I used "sentimental" because its modern meaning approximates eighteenth-century definitions of "sensibility", but there is no real modern equivalent. Let me know if you would prefer the more historically accurate but potentially confusing "sensibility" or the less historically accurate but, I think, clearer term for the lay reader. Awadewit | talk 03:51, 19 August 2007 (UTC)
I must say, I didn't find Awadewit's usage of the words "sentimental", "sensibility" or "tragic" confusing. Admittedly, I've read a bit of English literature, but it seems likely that the readers of this article will understand her meaning at least as well as I did. I must also say, I didn't find the article POV at all, since its author's opinion is nowhere evident; and judging from the paucity of historical materials, the article seems comprehensive. What other sources mentioning this novel do you think would be useful to illuminate it, Mattisse? Willow 11:40, 19 August 2007 (UTC)
Now and then I had a little difficulty following the thread of the argument. It would be nice to have a few more direct quotes from the novel to illustrate the article's points more clearly; I really liked the quote on mourning Ann's death, which I thought did wonders for conveying the spirit and style of the novel. Also maybe explain the bits about Wollstonecraft's "advertisement"; is that the same as an Author's Preface? Willow 16:24, 17 August 2007 (UTC)
I have added a little phrase regarding the advertisement. Awadewit | talk 00:04, 18 August 2007 (UTC)
Could you tell me the places where you had difficulty following the argument? Awadewit | talk 00:04, 18 August 2007 (UTC)
Where would you like to have had a MW quote to illuminate the arguments? What I have tried to do is give the most difficult arguments the most quotes. Awadewit | talk 00:04, 18 August 2007 (UTC)
I sensed that I was out of my depth because I didn't always see the connections between the various sections and subsections. It might be better to re-organize the article to give a stronger sense of flow for the lay-person, and to put the simpler, more straightforward material earlier in the article and the more challenging, thought-provoking material later. For example, you might consider putting the "Reception and legacy" section ahead of the discussion of the themes sections.
I think that it is important for readers to know what the book is about before they read about its reception. It is particularly instructive, for example, that the relationship between Ann and Mary did not cause a critical stir (as it might today). Awadewit | talk 13:39, 17 August 2007 (UTC)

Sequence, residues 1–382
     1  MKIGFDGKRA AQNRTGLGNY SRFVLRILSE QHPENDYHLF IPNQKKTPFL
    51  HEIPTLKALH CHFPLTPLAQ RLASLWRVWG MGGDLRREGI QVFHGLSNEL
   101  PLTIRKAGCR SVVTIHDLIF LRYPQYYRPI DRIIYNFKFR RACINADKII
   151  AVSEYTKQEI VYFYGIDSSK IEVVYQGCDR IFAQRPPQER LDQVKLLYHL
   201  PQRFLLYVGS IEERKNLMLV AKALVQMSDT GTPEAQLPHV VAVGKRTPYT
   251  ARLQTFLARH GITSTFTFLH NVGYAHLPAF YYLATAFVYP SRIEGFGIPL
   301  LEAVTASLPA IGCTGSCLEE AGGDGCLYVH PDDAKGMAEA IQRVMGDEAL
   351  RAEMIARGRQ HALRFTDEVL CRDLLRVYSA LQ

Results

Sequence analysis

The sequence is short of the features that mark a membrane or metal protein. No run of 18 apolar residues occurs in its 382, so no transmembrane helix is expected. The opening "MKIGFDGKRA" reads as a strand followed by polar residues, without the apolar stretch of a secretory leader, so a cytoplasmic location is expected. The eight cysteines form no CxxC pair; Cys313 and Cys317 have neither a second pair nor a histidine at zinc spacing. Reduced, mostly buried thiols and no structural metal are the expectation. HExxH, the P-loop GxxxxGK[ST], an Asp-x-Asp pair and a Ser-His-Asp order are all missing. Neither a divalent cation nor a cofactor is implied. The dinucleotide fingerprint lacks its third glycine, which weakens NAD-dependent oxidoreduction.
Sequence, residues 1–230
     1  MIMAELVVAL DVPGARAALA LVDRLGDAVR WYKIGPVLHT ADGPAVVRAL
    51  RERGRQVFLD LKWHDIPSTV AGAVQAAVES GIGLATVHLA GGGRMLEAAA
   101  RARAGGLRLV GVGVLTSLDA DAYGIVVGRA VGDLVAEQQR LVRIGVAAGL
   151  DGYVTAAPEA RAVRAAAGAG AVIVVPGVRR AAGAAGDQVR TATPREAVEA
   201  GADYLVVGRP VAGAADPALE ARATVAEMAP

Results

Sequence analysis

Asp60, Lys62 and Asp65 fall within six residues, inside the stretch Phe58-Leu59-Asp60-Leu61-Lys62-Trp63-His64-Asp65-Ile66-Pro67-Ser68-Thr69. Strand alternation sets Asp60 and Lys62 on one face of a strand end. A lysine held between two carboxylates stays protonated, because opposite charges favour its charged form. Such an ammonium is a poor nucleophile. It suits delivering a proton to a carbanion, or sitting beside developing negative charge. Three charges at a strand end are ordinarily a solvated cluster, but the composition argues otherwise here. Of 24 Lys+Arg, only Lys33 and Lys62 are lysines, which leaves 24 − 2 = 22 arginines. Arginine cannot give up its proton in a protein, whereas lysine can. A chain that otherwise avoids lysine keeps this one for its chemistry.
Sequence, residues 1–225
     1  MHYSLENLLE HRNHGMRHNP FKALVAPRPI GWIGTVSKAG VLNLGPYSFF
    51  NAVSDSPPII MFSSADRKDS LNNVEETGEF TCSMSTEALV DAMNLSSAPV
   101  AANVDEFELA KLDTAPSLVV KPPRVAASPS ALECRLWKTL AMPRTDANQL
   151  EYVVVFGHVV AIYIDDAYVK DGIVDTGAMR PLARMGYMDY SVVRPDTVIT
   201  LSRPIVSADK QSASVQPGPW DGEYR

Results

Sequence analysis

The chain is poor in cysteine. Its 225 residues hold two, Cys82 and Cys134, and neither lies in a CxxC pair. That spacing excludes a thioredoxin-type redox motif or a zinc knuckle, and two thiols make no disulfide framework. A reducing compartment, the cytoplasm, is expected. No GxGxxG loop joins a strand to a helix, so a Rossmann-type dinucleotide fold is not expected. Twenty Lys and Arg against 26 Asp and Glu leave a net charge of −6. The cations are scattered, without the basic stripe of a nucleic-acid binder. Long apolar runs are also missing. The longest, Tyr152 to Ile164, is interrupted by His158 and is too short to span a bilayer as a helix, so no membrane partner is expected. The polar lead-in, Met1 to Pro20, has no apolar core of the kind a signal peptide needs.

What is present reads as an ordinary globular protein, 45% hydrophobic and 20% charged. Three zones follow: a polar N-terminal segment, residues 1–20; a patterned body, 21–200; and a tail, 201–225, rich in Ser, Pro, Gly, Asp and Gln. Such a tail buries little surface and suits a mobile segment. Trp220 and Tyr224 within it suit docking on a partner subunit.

I guess my impression is that the latter half of the article is centered on the scholarly interpretations of the novel, rather than on the novel itself. I found the thematic sections more difficult to plumb or assess, being a little distant from my everyday experience, so it might be nice to begin that section with a paragraph that outlines the whole section for the reader, so that they feel as though they are being led by the hand through it, i.e., that gives that section more "flow". I also feel that lay-readers will be more curious about the novel and its impact on its author and its era, so I would suggest putting those topics before the scholarly insights into its thematic; perhaps you could work in the prerequisites for understanding the Reception into the Plot Summary and Influences sections? It's just a suggestion, Willow 16:24, 17 August 2007 (UTC)
I'm not entirely sure what you mean when you separate "the scholarly interpretations of the novel" from "the novel itself". The novel means (in wikipedia terms, anyway) whatever the experts say it means. I think what you mean is that there is less discussion about the form of the novel (stylistic quirks of the language, symbolism, etc.) and more about the political issues raised by the novel. There is an easy explanation for that, but it requires a bit of history. Mary only began to be studied in the 1970s, with the rise of feminist literary criticism, because prior to that time the novel was considered an inconsequential work (as were all of Wollstonecraft's works along with the works of most other women writers). The kind of criticism you are looking for, I think, is "New Criticism" and involves lots of what is called "close reading" of small portions of the text (it is ideal for poetry, in a way). New Criticism had its heday from the 1930s to the 1960s and while many of its tools are still employed, they have been overlayed by new historicism, feminist criticism and Marxist criticism (among many other things). No one wrote on Mary during that "New Critical" moment and the scholars that have become interested in the novel since the rise of all of these other perspectives have largely been feminists, queer theorists and Marxists. The article does address some of the classical questions of form, such as genre, but I can do no more than what the scholars themselves do. Awadewit | talk 00:04, 18 August 2007 (UTC)